Rowdy Fans Hand Senators Final Loss
By Myra McPherson and Tom Huth
In the top of the ninth last night -- with the Senators leading 7 to 5 and two out -- several hundred youths in the yelling crowd of 14,460 surged onto the playing field at R.F. Kennedy Stadium. They ran the bases and stole home, tore out tufts of grass, grabbed the ball boys' folding chair and pinched dirt for their jacket pockets.
When first base was lifted and carried away, you could tell it was all over. And so, the final irony: the fans lost the game for the Senators, who had to forfeit their last contest here to the Yankees.
No one on the field cared, nor did those fans who watched smilingly from their seats. The huge banks of lights dimmed out one by one. Police started herding the crowd back into the stands. Three men were arrested and charged with disorderly conduct.
Two groundskeepers lifted their shovels under police guard to dig up the pitching rubber. Four other officers stood over home plate. One of them said, "They just told us to guard home playte." He didn't say for what.
And so ended one of the rowdiest wakes ever. The crowd was noisy and wild from the beginning. They came on a muggy, windy night to say goodbye to the Texas-bound Senators, who in their lifetime lost far more than they won.
The crowd came with a jovial camaraderie for one another and their departing team -- an emotion born out of their dislike for Robert Short, the owner who made it possible for them to never, ever see another Washington Senators game here.
One woman wore a black mourning arm band over her raincoat sleeve ("I don't know what I'm going to do without them") and a 14-year-old boy wept as he lugged a styrofoam dummy of Short around the stands with him.
Mostly the crowd was jovially optimistic. From an aging vendor to a 7-year-old boy with his front teeth missing, the cry was "we'll get some team here -- maybe the San Diego Padres -- by next year."
There were gray haired women with red baseball caps on and vintage 1950 "greasers" -- still with their duck tail hair but 20 years older, T-shirts covering potbellies
There were college students in beards and 4-year-olds who were more interested in watching ripped up programs rain down from the bleachers than watching Frank (Hondo) Howard's last home run in Washington.
There were a 3-year-old boy and an 87-year-old man, neither of whom said much and or remembered the first game he ever saw.
Fifteen minutes before game time, Northern Virginia Community College students Dean Phillips, 19, and Ron Gasberri, 18, hauled out one of the biggest signs around, a 6-by-8 foot sheet still smelling of fresh green paint, that said "How Dare you Sell Us Short."
People shouted "give 'em room" and helped them up on top of the dugout, which was already crawling with boys of all ages, shouting "Let's see your face. Why don't you show, chicken Short?"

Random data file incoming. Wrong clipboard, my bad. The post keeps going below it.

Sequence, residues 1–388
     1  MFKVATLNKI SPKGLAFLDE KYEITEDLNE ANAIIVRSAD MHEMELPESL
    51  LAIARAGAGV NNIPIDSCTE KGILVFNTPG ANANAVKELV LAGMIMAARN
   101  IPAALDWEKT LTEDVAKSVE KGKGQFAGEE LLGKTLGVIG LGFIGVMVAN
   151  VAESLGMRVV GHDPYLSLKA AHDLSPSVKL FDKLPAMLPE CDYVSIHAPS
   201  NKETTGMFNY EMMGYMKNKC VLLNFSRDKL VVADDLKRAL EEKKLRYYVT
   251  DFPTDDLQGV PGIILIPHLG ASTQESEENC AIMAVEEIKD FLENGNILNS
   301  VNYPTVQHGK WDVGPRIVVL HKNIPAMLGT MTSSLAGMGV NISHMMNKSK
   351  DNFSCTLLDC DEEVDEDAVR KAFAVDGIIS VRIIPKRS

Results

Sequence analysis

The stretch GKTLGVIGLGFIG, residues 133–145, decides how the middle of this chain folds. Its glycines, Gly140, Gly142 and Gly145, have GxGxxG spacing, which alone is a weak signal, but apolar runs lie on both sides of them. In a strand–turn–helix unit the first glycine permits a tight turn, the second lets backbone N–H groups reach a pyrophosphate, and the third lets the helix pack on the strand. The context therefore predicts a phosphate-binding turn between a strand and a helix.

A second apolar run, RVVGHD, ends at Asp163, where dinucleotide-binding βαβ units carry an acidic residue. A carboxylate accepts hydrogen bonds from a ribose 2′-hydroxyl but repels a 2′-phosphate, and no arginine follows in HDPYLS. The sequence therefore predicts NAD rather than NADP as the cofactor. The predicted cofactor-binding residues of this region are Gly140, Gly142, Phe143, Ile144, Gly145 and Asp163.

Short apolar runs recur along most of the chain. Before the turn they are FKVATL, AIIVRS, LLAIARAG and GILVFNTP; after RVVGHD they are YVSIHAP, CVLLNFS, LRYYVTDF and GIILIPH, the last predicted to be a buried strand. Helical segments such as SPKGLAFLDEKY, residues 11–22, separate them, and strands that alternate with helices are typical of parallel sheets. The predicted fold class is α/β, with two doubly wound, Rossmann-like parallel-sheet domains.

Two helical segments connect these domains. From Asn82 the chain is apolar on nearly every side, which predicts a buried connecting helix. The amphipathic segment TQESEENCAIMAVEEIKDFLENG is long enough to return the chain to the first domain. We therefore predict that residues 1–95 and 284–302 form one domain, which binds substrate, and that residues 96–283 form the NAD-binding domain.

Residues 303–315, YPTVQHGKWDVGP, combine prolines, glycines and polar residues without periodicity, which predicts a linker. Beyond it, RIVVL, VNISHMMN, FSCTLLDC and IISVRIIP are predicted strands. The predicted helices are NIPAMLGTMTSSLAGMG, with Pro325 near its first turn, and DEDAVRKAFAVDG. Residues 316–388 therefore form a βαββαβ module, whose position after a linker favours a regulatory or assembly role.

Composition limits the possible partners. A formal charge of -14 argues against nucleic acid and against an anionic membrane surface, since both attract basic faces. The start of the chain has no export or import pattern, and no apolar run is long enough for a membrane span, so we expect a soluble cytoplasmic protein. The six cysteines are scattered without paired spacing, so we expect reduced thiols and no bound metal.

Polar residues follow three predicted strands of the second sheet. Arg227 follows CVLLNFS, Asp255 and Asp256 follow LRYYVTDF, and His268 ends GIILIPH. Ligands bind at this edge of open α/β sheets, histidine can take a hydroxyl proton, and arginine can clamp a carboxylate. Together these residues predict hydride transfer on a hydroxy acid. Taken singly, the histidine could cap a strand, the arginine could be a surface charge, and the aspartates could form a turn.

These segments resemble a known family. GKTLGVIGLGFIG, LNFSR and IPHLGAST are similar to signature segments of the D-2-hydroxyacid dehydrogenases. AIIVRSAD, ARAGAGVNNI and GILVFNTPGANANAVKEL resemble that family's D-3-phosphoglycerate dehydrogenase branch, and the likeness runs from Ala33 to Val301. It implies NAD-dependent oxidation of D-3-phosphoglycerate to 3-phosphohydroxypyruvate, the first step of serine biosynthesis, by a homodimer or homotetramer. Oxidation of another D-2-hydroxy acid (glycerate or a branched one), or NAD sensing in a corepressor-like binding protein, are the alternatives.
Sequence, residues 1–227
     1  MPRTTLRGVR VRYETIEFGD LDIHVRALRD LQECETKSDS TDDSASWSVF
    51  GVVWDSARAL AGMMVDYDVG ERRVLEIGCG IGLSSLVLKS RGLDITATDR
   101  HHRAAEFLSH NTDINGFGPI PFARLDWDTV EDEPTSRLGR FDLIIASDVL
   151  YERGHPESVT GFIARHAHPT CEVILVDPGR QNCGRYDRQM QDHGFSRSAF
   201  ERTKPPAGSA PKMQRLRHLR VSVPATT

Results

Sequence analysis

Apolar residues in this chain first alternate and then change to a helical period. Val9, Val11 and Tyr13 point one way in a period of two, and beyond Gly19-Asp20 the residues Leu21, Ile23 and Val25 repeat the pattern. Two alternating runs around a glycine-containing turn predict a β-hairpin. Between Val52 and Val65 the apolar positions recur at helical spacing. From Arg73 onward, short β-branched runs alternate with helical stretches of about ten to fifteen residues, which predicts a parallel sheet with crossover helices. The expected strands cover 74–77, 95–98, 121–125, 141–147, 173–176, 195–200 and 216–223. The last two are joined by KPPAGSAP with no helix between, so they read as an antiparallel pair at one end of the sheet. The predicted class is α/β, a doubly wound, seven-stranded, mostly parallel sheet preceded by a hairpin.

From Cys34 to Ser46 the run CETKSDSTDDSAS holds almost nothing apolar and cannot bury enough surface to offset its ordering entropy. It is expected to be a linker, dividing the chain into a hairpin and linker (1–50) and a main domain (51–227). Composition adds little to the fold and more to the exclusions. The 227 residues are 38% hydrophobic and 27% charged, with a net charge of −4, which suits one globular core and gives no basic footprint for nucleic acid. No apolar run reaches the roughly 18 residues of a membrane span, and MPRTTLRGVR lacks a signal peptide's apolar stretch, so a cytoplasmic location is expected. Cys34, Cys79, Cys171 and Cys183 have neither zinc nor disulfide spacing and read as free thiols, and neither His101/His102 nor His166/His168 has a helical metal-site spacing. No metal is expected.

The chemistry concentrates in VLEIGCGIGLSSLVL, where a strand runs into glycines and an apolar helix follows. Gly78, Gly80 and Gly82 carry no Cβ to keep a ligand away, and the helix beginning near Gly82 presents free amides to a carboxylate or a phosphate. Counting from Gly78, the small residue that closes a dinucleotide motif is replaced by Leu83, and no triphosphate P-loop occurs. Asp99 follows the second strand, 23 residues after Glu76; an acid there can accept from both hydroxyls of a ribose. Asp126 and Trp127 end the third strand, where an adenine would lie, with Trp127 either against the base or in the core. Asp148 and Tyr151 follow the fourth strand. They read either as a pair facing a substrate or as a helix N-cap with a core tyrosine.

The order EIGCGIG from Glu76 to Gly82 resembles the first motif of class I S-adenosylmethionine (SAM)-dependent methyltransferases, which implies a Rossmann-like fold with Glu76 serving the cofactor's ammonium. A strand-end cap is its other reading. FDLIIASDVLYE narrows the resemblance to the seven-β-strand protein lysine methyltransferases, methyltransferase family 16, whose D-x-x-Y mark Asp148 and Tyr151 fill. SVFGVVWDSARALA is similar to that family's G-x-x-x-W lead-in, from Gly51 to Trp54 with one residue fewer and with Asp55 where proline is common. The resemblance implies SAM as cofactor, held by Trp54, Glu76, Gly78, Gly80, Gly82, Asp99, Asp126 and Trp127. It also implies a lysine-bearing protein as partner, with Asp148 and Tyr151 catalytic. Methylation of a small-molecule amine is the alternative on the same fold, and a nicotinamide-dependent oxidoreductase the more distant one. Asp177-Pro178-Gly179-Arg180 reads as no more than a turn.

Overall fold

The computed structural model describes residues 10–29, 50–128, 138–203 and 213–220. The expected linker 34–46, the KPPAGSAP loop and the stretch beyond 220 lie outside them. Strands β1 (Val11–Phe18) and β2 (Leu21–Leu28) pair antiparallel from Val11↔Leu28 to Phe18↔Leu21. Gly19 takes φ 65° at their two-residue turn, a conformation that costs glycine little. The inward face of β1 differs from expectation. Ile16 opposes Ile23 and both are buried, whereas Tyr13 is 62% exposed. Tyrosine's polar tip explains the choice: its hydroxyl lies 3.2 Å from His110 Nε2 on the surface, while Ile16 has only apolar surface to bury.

During the game, as a "Short Stinks" sign was draped down from the far-off bleachers, a whole block of fans looking from across the field and gave the sign a standing ovation. Others said "we've been short changed." Another long one said, "Good luck Senators, we are sure gonna miss you. We love you (signed) Kay and Karen."
Three women, "retired senior citizens" they called themselves, filled out their score cards like seasoned scorers as they watched the game. They wore "give-away hats," part of the loot the Senators were disposing of on the last night.
Anny Woychorski wouldn't give her age. "I'm retired, you retire when you're 65, but that's all I'll say." She said she would spend her summer evenings next year, "doing fancy work and puzzles and watching David Frost."
Her friend, Rose Cummins, who is in her 70s, said she had something to occupy her baseball-less evenings. "I dance a little."
Halfheartedly motioning kids to get off the dugout for the last time, usher captain James Findley, who started working at Griffith Stadium 28 years ago "before they cracked down on the child labor laws." He was 14 at the time and remembers "Walt Masterson and DiMaggio and Mantle and Williams when he was playing." The rowdiness? "Just one of them things. Can't blame 'em on a last night. They're sad. I'm sad. This is my life."
Fighting back his tears, Larry McGreevy said "me and my mother" made a Short dummy because "he's mean. I been to about 40 games this year. I've been coming out here most all my life." Larry McGreevy is 14.
The last time the Senators won the pennant, the New Deal was new. That was 1933 and there was at least one man in the stands last night, watching his last game, who remembered those days.
G.E. Feeney, who will be 82 in November said, "Oh heavens. I remember way back before then. There was Walter Johnson and a pitcher named Hughes. He was in 1900 and 123, I believe. I went to the last game when they won the pennant in '33. Those were great days."
Talking about the team leaving town, he said, "I was terribly upset. I can't drive any more at night and I enjoy watching it on TV. I guess that's all over now."
Less than an hour after the game had ended, groundskeepers were taking up the left field turf to make way for two new sections of stands for the football seasons.